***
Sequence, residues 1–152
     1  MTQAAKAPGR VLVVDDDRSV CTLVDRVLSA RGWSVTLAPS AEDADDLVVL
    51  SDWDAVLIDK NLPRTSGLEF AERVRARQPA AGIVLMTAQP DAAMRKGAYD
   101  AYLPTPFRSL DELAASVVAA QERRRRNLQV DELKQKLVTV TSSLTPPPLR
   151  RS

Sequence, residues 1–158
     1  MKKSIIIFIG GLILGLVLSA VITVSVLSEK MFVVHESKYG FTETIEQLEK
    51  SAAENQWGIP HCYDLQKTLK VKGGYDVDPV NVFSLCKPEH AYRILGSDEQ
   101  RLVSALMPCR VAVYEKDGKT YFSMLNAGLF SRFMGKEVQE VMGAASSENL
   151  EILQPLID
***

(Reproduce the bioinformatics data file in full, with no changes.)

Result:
Sequence, residues 1–152
     1  MTQAAKAPGR VLVVDDDRSV CTLVDRVLSA RGWSVTLAPS AEDADDLVVL
    51  SDWDAVLIDK NLPRTSGLEF AERVRARQPA AGIVLMTAQP DAAMRKGAYD
   101  AYLPTPFRSL DELAASVVAA QERRRRNLQV DELKQKLVTV TSSLTPPPLR
   151  RS

Sequence, residues 1–158
     1  MKKSIIIFIG GLILGLVLSA VITVSVLSEK MFVVHESKYG FTETIEQLEK
    51  SAAENQWGIP HCYDLQKTLK VKGGYDVDPV NVFSLCKPEH AYRILGSDEQ
   101  RLVSALMPCR VAVYEKDGKT YFSMLNAGLF SRFMGKEVQE VMGAASSENL
   151  EILQPLID